It’s beginning to look a lot like 1913, a decade before the peak of the Social Darwinism movement, a time when educated and concerned people joined the Race Betterment Foundation and looked to the settled science of eugenics to save civilization from the growing horde of the genetically inferior.
Events have since made the word eugenics distasteful, but not the notion. The idea of human perfection via managed procreation is back and stronger than ever, at least in the academy. Now instead of forcible sterilization, the call is for fetal genetic testing and selective abortion. Race is no longer the marker of unfitness; having incorrect thoughts or unwelcome moral attitudes and genetic unworthiness are.
Early eugenicists embraced contraception. In 1921 Margaret Sanger argued birth control was “not merely of eugenic value, but is practically identical in ideal, with the final aims of Eugenics.” Two such aims were “racial regeneration” and “to improve the quality of the generations of the future.” She said the “unbalance between the birth rate of the ‘unfit’ and the ‘fit’” was “the greatest present menace to civilization.” She thought “Birth Control propaganda is thus the entering wedge for the Eugenic educator.” If undesirables didn’t voluntarily stop making babies, steps would be taken. “Possibly drastic and Spartan methods may be forced upon society if it continues complacently to encourage the chance and chaotic breeding that has resulted from our stupidly cruel sentimentalism.”
Spartans preferred exposure for the betterment of mankind while eugenicists touted culling and sterilizing the unfit, the breeding technique used by farmers to improve their stock. What was “unfit”? That was often left undefined, though Sanger pegged low IQ. She often trumpeted statistics like those which showed that 39% of white “charity obstetrical patients” at one hospital and “70% of the negroes were found to have a mental age of 11 years or less.”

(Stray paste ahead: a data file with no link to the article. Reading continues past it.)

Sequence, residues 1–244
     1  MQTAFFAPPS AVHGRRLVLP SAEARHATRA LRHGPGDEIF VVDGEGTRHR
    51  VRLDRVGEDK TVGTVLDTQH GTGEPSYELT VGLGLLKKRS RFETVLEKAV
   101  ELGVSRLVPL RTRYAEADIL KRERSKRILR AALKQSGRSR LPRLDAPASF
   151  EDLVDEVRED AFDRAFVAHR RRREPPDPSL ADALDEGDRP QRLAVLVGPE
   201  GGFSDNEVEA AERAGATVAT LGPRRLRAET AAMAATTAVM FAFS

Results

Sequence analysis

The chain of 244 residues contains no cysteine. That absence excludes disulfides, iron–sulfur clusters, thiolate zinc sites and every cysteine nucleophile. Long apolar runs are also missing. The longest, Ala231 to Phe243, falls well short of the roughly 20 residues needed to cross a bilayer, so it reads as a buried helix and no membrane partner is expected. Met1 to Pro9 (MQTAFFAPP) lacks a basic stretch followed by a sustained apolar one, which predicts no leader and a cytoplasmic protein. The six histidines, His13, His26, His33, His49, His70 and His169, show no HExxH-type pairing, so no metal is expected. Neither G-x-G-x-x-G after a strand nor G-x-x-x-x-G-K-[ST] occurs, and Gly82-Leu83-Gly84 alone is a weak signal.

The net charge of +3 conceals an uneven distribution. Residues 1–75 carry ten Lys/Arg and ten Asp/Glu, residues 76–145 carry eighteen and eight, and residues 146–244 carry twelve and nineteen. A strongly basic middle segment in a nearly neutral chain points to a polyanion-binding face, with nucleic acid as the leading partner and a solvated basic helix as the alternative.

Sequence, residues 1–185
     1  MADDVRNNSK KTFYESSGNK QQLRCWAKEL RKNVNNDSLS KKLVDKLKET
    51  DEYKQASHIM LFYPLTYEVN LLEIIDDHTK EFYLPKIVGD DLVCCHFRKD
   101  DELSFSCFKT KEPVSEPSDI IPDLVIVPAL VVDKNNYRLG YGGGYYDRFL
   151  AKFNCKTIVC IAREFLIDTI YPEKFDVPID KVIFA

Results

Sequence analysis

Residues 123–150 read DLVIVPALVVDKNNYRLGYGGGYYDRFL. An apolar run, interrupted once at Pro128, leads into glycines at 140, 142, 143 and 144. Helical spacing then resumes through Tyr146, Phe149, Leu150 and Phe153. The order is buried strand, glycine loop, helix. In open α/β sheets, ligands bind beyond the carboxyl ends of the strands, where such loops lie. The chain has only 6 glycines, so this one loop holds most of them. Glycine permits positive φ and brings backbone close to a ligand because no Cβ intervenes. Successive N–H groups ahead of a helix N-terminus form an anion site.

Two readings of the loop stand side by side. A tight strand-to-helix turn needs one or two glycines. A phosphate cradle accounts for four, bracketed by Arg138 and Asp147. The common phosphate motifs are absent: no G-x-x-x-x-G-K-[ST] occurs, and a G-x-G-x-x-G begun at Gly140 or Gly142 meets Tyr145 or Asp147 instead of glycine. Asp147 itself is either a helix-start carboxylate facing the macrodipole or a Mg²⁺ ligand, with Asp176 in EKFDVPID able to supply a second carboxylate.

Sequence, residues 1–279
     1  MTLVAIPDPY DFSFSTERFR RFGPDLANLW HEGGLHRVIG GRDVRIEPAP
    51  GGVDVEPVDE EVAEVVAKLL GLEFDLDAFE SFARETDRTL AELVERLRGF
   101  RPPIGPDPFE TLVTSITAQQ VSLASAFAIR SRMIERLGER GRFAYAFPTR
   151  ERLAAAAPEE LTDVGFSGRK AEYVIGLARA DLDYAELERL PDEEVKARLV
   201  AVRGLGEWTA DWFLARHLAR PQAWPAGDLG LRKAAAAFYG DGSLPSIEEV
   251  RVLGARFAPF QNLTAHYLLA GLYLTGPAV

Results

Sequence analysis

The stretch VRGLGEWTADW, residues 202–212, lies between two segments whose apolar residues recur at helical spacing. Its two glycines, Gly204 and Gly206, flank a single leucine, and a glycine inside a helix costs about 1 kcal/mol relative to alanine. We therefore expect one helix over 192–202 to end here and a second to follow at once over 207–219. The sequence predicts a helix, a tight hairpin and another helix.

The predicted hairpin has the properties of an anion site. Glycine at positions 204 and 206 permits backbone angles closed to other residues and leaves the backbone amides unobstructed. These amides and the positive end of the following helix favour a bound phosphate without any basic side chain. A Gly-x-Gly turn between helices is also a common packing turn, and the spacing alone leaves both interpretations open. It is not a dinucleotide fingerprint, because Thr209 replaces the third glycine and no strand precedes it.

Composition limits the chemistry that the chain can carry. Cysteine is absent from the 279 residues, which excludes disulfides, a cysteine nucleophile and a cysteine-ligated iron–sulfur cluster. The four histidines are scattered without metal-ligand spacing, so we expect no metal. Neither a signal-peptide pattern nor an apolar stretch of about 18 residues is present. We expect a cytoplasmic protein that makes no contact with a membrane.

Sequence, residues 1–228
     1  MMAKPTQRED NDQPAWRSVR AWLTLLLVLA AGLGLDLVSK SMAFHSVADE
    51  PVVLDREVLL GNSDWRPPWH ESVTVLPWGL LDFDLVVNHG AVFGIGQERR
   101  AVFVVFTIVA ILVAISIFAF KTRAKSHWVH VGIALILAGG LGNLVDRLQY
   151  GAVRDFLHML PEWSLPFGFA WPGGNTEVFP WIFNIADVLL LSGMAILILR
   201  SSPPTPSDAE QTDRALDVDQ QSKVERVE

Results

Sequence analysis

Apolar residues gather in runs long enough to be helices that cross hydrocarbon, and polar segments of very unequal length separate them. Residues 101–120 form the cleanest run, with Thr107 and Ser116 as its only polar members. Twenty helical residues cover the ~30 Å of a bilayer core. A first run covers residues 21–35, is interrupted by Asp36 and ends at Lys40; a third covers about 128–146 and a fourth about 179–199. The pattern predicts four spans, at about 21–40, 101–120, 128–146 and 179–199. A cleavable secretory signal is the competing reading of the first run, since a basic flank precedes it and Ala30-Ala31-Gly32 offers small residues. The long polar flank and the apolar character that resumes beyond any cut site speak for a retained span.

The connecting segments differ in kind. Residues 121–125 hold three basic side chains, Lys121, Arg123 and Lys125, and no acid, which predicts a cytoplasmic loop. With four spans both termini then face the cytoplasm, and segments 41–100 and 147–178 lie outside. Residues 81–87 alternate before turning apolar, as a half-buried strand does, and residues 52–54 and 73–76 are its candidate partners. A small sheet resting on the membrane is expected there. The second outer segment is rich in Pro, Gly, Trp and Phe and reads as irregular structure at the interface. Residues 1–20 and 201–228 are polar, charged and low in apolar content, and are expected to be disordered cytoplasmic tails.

Real and imagined racial disparities were eagerly discussed. Conclusions were drawn. Progress was made. But then came Hitler, concentration camps, and the horrific practical experience of purging racial impurity. Eugenicists were shamed and clammed up. The field lay fallow for half a century, until the rise of abortion “rights” and the expansion of the universities in the late twentieth century. There arose a new crop of academics convinced that if only they were put in charge, and just the right people were aborted, the world would be a better place.
Consider David DeGrazia, tenured at George Washington University, who in the Journal of Medical Ethics recently advocated creating a master race via programmatic “moral bioenhancement.” Like many, DeGrazia gazed upon the earth and saw “an abundance of immoral behaviour.” He worried “traditional means of moral enhancement may prove inadequate to achieve needed improvements,” therefore more drastic measures are called for. Such as selection “of embryos that contain a gene coding for a greater disposition to altruism” or even implanting an “artificial chromosome that includes multiple genes coding for stronger predispositions to a variety of moral virtues.”